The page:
Esposito also used much of the same technology at AMI that he first implemented at Hachette. DALIM technology is a critical part of the restructuring, allowing AMI to streamline its production process and manage cross media content, automating repetitive tasks and file creation, replacing hard-copy proofing with remote soft proofing, and driving online file approval and delivery.

However, having the proper team in place and having a familiarity with which software applications might help is not enough. "The key to doing something like this, with these kinds of extensive changes, is having top down support," says Esposito. "It has to start with the executive management team supporting this type of effort."

Esposito has that support. ""We have seen a lot at this company; the world is changing fast and is accelerating," says Rob O’Neill, Vice President of Manufacturing & Logistics, American Media, Inc. "We were aware that there were new and better technologies, but we needed a team to come in and size it up. Mike and his team, with their experience, have added tremendous value to our company."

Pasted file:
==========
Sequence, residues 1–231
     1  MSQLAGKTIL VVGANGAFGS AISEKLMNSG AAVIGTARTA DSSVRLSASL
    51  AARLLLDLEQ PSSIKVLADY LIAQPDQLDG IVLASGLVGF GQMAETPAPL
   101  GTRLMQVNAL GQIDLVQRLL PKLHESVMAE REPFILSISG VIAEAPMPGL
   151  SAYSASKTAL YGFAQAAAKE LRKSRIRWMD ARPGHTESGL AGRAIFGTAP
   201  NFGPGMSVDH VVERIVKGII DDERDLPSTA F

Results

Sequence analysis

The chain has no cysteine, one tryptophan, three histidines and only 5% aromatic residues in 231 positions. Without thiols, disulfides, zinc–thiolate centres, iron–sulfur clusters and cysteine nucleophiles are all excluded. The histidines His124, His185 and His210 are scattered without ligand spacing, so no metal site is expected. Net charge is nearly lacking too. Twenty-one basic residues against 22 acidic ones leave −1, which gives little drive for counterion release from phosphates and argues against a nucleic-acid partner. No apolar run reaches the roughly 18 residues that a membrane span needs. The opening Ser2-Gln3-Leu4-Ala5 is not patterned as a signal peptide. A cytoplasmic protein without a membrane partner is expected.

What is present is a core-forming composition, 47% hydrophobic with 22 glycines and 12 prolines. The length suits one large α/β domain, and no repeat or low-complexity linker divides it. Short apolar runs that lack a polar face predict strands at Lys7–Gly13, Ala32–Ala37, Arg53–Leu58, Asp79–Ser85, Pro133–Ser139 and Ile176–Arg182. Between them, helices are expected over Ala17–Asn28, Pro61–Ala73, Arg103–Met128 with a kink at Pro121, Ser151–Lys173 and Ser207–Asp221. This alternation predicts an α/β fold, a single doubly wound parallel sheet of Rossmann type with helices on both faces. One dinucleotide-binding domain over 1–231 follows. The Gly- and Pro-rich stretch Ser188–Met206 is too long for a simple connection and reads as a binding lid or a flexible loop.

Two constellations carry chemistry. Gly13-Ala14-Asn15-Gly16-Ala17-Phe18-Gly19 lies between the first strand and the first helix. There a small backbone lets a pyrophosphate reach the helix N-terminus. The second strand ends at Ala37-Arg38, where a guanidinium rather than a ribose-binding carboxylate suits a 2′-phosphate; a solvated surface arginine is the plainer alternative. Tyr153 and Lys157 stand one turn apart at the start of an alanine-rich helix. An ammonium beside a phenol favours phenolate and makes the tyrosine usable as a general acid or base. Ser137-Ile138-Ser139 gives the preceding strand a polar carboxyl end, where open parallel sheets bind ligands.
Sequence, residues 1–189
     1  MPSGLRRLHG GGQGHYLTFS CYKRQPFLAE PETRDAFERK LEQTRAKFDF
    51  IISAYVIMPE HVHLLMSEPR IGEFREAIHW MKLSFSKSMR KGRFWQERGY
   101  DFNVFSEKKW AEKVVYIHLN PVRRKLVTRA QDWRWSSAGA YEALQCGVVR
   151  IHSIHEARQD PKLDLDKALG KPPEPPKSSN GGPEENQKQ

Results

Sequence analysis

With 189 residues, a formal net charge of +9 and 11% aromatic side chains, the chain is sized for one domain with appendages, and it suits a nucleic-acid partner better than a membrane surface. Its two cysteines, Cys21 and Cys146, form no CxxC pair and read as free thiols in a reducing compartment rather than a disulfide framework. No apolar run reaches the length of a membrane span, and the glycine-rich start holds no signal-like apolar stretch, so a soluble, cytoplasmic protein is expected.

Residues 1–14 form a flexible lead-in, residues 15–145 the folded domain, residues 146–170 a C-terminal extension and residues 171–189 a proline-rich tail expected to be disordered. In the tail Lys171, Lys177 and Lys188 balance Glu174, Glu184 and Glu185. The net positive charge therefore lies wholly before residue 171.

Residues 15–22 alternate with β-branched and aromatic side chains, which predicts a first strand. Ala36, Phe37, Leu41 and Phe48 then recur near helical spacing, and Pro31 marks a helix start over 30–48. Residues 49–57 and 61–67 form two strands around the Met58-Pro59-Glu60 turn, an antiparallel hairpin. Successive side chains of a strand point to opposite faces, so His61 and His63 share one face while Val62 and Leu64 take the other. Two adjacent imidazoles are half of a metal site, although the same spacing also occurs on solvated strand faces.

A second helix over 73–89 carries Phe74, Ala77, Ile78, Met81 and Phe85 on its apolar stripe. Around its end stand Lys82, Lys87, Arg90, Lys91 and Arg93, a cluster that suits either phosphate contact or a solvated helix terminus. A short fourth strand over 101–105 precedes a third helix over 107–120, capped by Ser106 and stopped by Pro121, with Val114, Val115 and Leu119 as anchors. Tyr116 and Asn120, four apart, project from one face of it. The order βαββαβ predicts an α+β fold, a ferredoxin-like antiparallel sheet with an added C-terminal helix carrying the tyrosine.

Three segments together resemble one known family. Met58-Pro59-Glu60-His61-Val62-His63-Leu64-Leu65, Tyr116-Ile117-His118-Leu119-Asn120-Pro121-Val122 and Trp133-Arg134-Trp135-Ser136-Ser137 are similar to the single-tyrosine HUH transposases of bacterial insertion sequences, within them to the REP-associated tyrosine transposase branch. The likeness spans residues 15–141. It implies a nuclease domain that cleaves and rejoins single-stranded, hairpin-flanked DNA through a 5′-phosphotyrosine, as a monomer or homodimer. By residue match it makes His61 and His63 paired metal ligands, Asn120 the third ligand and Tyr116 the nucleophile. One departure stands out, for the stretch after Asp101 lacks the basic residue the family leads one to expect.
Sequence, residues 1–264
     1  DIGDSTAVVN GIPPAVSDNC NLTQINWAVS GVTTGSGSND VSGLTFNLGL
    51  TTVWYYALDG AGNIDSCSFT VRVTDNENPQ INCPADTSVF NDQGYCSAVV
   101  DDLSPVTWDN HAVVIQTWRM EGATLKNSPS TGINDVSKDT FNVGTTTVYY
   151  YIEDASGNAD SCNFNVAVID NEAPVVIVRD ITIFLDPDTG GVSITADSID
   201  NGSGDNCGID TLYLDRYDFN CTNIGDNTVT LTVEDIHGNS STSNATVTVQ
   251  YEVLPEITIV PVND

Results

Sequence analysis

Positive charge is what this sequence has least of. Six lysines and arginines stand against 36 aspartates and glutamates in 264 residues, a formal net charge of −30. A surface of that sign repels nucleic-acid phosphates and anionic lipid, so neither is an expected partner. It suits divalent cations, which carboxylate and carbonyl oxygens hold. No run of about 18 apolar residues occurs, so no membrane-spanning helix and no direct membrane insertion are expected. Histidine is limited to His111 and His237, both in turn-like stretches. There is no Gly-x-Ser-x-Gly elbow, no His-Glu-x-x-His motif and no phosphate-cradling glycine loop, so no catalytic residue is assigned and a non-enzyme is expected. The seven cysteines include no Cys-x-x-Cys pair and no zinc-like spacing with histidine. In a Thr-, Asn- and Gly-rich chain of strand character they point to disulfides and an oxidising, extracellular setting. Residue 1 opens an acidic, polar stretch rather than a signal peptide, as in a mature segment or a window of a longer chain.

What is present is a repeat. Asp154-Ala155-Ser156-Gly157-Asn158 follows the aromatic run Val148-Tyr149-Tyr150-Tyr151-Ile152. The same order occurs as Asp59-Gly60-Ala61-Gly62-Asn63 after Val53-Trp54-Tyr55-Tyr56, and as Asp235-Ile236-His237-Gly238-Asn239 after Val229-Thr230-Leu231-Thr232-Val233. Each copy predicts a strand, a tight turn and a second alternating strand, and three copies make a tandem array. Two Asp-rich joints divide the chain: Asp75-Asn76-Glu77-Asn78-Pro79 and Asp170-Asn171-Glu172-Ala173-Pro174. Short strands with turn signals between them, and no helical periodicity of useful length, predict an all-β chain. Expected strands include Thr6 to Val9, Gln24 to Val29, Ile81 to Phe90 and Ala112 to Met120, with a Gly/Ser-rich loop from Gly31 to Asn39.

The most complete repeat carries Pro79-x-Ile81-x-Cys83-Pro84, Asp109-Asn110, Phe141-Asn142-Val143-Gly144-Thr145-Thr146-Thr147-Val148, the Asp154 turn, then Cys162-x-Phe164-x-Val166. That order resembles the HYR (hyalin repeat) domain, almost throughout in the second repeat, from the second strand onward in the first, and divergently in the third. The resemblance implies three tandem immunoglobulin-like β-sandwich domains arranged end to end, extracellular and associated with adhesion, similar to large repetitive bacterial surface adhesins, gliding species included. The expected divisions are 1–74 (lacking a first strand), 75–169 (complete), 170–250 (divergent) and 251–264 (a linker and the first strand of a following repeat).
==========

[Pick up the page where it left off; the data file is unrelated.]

Senior management is pleased with Esposito’s progress to date. "Every publisher today is looking to reduce their cost," adds AMI Chairman David Pecker. "And being able to provide them with the production efficiencies we developed for AMI’s publishing services business unit has created a new revenue stream for our company."

Three Months of Preparation

The first step in revamping AMI required examining the existing situation-the processes, responsibilities, and skill sets. "Then you have to introduce change," says Esposito. "You have to unfreeze processes that have been in place for many years."

Esposito began a three-month journey of mapping out the existing process within the organization. "We looked at how departments interacted with one another, how many steps a particular job takes, the time necessary for each function," says Esposito. From this data, a base measurement of productivity was established.

The team scrutinized the production operation to see how resources are being spent, both internally by AMI staff and externally with outside vendors. Working on writing different scripts for the various workflows, the team simulated functionality using TWIST. "If something took 12 touch points, for example, from receiving files, inspecting files, converting files, and then proofing and sending to the vendor, we would see where and when manual intervention was required. Then we would write a script that detailed which functions within the workflow can be automated using TWIST," Esposito remembers.